Review: Abiie Beyond Junior Y Highchair for All Ages


Abiie-MainIf you’re anything like us, you had a big, clunky standard highchair that took up too much room, cost a lot of money, and was useless as soon as your kid got too big. The Abiie Beyond Junior Y Highchair changes that old high chair paradigm.

Abiie-PartsWhen my review sample arrived, I tore open the box and was met by very nicely packed and protected pieces of beautiful wood. Everything arrived in pristine condition thanks to the nice packing job.

Abiie-FeetOne other thing I noticed immediately before even beginning assembly was that the feet of the high chair come with felt on them. As someone with brand new hard wood floors, I put felt on everything. Unfortunately, that usually means having a handy supply of felt stickers and knowing where it is. Not having to worry about it for a change was a very nice touch.

Abiie-DirectionsThen I flipped open the instruction manual. Despite looking very simple, I always follow the instructions (sorry old stereotype.) While assembly was just as easy as I was expecting, I did think it was a really nice touch that the manual had QRC codes on each page that would pull up an assembly video just in case you get stuck.

Abiie-OwenAs soon as I had the high chair assembled, which took less than ten minutes, my son, who hated his old highchair as much as I did, begged to get into his new chair. He climbed up, I buckled him in and snapped on the tray. What kid is happy to get in a highchair?

Abiie-ReleaseOne of the big selling points of the Abiie Beyond Junior Y is that it converts very easily, and this claim is absolutely true. Both the seat and foot rest have these nice, big, easy to use release buttons on them for quickly releasing and adjusting the height of each.

Abiie-HeightAnother nice thing about the Beyond Junior Y is that it is almost the exact same height as our kitchen table. Our standard highchair was much taller which was always awkward. Because our son is already used to eating at the table with us, this also means that we can just remove the tray completely and push the Beyond Junior Y right up to the table like any other chair! We’ve since reclaimed one of our dining chairs and no longer have to keep it covered to prevent spills from ruining it.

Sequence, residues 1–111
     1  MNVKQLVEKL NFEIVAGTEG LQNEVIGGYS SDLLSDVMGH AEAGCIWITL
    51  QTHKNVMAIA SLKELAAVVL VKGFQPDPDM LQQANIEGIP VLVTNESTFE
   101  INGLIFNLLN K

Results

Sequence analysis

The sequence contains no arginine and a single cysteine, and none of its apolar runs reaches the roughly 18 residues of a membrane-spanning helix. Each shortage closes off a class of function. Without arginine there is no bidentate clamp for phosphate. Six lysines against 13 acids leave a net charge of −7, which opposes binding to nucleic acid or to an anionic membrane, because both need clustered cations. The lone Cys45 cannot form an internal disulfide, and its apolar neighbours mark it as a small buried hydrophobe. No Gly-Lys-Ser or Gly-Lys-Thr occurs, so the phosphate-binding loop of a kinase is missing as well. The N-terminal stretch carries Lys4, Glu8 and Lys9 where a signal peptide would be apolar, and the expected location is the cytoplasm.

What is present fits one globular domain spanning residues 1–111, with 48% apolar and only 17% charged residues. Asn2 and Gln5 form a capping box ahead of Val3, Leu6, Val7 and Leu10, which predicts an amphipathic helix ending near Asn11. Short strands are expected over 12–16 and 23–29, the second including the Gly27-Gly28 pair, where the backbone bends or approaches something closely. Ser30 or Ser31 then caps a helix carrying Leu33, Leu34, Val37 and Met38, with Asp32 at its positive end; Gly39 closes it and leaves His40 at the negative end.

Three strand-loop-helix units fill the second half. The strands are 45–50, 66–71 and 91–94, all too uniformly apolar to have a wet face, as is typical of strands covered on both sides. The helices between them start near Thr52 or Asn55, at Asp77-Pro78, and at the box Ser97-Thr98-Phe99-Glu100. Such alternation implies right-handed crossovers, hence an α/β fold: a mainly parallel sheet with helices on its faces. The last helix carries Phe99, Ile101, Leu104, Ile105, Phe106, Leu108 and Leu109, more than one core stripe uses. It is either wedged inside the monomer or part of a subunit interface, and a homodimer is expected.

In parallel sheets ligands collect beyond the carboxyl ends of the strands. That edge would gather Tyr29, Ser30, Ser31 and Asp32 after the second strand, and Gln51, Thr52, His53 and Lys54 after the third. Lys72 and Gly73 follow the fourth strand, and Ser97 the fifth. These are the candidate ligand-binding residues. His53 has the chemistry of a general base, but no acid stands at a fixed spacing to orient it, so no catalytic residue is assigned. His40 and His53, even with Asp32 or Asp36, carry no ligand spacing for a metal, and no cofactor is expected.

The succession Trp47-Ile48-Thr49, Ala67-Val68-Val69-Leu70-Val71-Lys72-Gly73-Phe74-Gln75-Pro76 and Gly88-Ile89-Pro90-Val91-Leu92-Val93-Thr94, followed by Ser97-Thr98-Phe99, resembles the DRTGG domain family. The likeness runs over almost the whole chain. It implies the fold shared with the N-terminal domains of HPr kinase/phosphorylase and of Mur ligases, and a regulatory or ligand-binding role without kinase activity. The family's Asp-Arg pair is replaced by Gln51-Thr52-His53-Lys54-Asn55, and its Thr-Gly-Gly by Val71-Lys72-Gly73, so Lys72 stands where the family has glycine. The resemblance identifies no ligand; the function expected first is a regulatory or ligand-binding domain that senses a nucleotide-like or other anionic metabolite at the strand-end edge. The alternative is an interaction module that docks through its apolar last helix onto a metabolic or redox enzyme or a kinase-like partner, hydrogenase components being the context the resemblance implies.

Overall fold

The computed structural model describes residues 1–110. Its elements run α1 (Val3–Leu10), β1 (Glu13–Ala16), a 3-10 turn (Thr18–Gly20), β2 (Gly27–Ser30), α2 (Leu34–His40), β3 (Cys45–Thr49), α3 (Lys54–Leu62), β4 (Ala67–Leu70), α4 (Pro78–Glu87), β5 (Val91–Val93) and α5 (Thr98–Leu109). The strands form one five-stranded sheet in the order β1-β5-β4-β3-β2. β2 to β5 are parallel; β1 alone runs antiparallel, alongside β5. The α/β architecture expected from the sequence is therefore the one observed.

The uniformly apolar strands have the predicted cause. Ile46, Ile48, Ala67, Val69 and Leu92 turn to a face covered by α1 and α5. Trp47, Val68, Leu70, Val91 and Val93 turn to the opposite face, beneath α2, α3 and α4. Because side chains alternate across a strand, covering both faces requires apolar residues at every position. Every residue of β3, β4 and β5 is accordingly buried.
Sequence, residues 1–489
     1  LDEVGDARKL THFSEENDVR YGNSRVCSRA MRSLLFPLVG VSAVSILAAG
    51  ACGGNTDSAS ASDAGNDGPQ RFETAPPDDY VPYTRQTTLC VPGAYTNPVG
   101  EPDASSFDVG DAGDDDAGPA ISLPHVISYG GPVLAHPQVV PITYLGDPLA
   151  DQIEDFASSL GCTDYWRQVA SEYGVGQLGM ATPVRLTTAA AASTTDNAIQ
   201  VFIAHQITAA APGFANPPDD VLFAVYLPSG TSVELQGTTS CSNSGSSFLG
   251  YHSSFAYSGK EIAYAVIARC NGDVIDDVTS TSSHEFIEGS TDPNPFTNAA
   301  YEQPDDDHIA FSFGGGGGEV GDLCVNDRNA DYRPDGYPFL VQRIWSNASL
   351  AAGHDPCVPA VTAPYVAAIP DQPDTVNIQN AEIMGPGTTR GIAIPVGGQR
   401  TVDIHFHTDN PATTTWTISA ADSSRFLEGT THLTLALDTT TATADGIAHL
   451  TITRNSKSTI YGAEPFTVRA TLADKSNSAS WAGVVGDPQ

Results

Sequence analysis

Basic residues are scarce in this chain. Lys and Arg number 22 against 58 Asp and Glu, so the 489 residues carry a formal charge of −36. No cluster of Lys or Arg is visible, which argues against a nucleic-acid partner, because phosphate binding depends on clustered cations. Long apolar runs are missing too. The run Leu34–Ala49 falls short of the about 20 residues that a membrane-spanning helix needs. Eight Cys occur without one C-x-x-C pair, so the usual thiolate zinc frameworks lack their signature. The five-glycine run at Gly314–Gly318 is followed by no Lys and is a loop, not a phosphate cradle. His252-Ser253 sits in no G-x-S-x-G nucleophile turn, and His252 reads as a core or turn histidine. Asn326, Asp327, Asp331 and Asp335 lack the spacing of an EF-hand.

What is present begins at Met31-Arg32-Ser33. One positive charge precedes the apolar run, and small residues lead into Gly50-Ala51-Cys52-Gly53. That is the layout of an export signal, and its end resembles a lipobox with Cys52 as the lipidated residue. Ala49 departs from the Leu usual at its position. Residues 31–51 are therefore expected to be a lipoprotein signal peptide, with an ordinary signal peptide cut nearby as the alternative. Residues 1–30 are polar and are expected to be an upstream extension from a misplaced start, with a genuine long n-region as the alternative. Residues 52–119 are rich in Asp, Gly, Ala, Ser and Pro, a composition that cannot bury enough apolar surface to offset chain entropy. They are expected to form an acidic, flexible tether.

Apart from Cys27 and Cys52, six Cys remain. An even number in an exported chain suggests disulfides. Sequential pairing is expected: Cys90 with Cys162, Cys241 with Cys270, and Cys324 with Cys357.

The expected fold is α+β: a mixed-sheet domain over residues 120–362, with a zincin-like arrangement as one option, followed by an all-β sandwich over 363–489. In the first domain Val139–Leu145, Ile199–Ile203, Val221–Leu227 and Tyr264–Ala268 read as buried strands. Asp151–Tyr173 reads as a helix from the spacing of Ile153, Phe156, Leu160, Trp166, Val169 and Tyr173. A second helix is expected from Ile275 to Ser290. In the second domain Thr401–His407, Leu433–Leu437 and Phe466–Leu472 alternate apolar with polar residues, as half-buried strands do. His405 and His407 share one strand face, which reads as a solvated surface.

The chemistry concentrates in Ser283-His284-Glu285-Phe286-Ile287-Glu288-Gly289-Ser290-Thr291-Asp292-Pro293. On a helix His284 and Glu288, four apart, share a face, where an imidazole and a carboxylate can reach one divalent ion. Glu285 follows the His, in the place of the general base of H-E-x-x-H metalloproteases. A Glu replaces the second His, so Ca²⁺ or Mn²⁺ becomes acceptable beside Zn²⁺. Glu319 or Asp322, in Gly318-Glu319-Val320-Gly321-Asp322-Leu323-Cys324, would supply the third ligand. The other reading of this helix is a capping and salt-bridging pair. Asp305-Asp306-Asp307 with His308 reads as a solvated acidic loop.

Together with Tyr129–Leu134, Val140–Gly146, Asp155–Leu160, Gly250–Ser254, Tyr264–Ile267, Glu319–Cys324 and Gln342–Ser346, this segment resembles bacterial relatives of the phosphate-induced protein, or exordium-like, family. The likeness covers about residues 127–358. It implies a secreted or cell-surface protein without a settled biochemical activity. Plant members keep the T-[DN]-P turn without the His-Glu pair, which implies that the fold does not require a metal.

Abiie-HarnessSpeaking of spills, the Beyond Junior Y has a very nice, modular reatraint system. Using all of the straps, you get a five-point harness for little ones who may not be able to hold themselves up quite yet or have a tendency to wiggly and wobble. The upper straps can be easily removed to convert to a three-point harness once your child can sit up on their own but maybe not sit still. And, the configuration we are using, another couple of seconds and the straps completely come off for a restraintless seat.

But what’s all this about all ages? Well, the most amazing feature of the Beyond Junior Y is that it is intended to grow with your family from infant to adulthood. I very easily converted from a highchair for my toddler, to a regular chair for myself and plopped down on it (sorry no picture of that.) I was pleasantly surprised at how comfortable it was. And because it is so easy to switch back and forth, I can definitely see us using this when we have company or crowded game nights.

Abiie-StylesThe Beyond Junior Y comes in two different wood colors–natural beech or mahogany–and the cushion comes in olive, black pearl, raspberry, blueberry, and cream. The wood is all responsibly harvested, there are no phthalates or BPA in the materials, and the spill proof cushions wipe clean extremely easily. All that coupled with a very modern, sleek design and a three-year warranty make the Abiie Beyond Junior Y a clear winner in the highchair arena.

Abiie-TeethSo how much do we like the Abiie Beyond Junior Y Highchair? My son ran out of the bathroom to go sit in it to brush his teeth. I’d say it’s definitely a winner in our house. For even more product details and to get your own, head over to Amazon.

Note: I received a review unit but all thoughts and opinions in this article are my own.

Liked it? Take a second to support GeekDad and GeekMom on Patreon!